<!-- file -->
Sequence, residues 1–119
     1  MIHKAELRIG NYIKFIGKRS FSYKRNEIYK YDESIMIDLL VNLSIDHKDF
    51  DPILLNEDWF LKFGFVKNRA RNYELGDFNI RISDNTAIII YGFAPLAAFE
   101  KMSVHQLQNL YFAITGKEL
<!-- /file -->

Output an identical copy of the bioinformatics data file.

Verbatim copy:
Sequence, residues 1–119
     1  MIHKAELRIG NYIKFIGKRS FSYKRNEIYK YDESIMIDLL VNLSIDHKDF
    51  DPILLNEDWF LKFGFVKNRA RNYELGDFNI RISDNTAIII YGFAPLAAFE
   101  KMSVHQLQNL YFAITGKEL